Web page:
George Orwell at the BBC | The writer of 'Nineteen Eighty-Four' holds true to his ideals
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From: Assistant Controller (Overseas Services)
Subject: COMMENTARIES BY GEORGE ORWELL
PRIVATE & CONFIDENTIAL
23rd October 1942
I have discussed this matter with C(O.S). There is no difficulty about a member
of the Corporation staff broadcasting under a pen name, but he should not be
announce or billed as a member of Corporation staff, and the normal conditions
about staff contributions to programmes should apply.
C(O.S) suggests, however, that in this instance it would be advisable to make
sure - presumably through the India Office - that the Government of India are
not going to raise objections by a man whose books they have banned. The
propaganda advantages of Orwell's name are obvious and I should hope [the author
originally typed think and replaced it with hope] they would be appreciated.
Signed, R. A. Rendall
[A hand-written note underneath the memo reads:]
I have consulted Mr Joyce and his colleagues, and they feel that it would be useful
to take advantage of "Orwell's" name.
In view of the fact that several people whose books have fallen under the
displeasure of the G. of I. or in effect speak for us, and that their contributions
are appreciated. Mr Joyce feels that it would be a mistake to refer the matter
specifically to the G. of I. If asked, the G. of I. might feel called upon to
adopt a critical attitude. If the question [illegible] raised, Mr Joyce thinks
they are very unlikely to object. [handwritten]
L Williams 29/10
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In view of E S D's note, I fully agree - at least as an experiment, as R. W
suggests in his minute of 15/X. I would like to know of any signs of reaction
official or personal.
J R [illegible]
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Document Type | Memo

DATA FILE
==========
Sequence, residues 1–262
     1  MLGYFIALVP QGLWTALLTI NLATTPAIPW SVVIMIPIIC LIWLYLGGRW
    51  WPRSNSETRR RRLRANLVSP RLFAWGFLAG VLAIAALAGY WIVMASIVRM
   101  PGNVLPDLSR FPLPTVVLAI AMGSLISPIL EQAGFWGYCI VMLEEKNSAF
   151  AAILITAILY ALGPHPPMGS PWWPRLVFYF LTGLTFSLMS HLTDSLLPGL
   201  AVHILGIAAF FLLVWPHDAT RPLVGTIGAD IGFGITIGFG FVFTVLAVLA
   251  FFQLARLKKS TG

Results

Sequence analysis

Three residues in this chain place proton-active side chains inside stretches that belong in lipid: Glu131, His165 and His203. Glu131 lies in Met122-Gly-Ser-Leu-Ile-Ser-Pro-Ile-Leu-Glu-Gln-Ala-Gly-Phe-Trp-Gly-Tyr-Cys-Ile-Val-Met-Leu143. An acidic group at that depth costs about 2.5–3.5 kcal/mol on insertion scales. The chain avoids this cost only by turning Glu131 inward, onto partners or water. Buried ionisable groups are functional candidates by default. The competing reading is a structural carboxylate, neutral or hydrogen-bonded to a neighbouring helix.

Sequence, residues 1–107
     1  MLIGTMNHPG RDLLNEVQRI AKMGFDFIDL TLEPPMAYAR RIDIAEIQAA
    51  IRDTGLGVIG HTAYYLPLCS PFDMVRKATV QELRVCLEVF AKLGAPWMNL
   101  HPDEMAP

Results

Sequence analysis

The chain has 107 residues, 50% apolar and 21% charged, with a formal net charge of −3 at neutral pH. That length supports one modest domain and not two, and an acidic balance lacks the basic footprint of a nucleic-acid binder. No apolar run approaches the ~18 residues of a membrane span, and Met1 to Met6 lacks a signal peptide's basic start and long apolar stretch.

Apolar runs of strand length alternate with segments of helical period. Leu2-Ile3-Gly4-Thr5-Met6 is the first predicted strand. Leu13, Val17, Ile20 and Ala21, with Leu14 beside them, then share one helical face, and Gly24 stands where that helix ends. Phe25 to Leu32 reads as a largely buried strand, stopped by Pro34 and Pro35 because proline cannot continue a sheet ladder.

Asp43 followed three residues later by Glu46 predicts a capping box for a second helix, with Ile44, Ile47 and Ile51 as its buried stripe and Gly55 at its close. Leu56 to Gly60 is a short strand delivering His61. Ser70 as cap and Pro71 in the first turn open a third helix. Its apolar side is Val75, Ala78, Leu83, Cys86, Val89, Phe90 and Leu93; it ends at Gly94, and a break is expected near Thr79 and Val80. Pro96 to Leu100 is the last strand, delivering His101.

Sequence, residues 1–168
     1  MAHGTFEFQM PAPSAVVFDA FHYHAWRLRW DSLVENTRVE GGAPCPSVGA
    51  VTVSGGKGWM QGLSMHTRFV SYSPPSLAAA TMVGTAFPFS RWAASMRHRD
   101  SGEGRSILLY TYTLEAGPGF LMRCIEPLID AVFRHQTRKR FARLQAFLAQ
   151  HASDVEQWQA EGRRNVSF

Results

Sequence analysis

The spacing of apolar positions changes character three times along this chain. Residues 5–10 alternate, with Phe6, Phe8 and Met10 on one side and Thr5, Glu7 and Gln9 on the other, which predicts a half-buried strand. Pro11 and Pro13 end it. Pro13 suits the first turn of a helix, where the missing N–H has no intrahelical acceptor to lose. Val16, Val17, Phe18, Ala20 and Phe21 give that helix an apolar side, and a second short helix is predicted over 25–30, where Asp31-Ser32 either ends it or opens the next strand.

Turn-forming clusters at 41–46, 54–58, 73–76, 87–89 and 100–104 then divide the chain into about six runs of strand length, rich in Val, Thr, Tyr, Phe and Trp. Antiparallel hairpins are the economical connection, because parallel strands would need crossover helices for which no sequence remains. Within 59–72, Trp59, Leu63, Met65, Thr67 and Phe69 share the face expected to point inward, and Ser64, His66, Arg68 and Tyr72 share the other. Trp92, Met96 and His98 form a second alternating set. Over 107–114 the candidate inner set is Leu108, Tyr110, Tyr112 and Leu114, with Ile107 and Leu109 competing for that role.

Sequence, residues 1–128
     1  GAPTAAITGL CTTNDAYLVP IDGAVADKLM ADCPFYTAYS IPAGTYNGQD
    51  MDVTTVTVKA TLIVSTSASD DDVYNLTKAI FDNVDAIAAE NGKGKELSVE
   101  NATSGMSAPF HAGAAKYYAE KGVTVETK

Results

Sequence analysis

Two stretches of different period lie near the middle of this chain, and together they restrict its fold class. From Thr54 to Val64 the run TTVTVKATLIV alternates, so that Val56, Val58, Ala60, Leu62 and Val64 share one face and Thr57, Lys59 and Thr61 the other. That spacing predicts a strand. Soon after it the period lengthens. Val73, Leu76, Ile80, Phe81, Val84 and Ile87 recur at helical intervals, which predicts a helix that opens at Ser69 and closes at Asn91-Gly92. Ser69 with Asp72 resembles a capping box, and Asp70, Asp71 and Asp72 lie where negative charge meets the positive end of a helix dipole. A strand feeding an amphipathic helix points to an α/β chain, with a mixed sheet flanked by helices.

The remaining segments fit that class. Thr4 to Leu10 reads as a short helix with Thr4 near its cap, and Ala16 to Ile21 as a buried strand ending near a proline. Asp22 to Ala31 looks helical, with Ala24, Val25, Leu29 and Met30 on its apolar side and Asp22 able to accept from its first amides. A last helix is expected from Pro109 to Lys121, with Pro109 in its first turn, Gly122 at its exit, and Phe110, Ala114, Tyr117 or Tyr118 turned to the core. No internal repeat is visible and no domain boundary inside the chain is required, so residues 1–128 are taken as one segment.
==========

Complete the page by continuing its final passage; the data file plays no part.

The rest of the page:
23 October 1942
In this memo, RA Rendall addresses concerns that the Indian government might object to broadcasts by George Orwell, a man whose books they have banned. A handwritten amendment by LF Rushbrook Williams recommends keeping silent on the matter, rather than actually raising the issue with the government of India.
Unfortunately, it was discovered that the target audience of Indian students at whom Orwell's broadcasts were aimed did not in the main possess radio sets. Even those lucky enough to be able to tune in would have found the signal so weak as to render the broadcasts virtually unintelligible.
George Orwell is recommended for employment.
A glowing reference for George Orwell.
Eric Blair discusses writing as George Orwell.
George Orwell invites TS Eliot to contribute a reading.
The Assistant Controller appreciates the propaganda advantage of Orwell's name.
Is George Orwell's voice suitable for broadcasting?
An invitation to comment on social changes in wartime Britain.
Orwell asserts his preference for the truth.
An exceptional testimonial for staff member 9889.
George Orwell submits his resignation from the BBC.
LF Rushbrook Williams ponders George Orwell's resignation.
The BBC regrets the loss of Orwell from its employment.
George Orwell writes about moving to the remote island of Jura.
Rayner Heppenstall asks what provisions to bring to Orwell on Jura.
George Orwell gives directions on how to get to Jura.
Rayner Heppenstall worries about what to bring and getting to Jura.
Rayner Heppenstall pulls out of visiting George Orwell on Jura.
Rayner Heppenstall worries that he has offended George Orwell.
George Orwell describes life on Jura.
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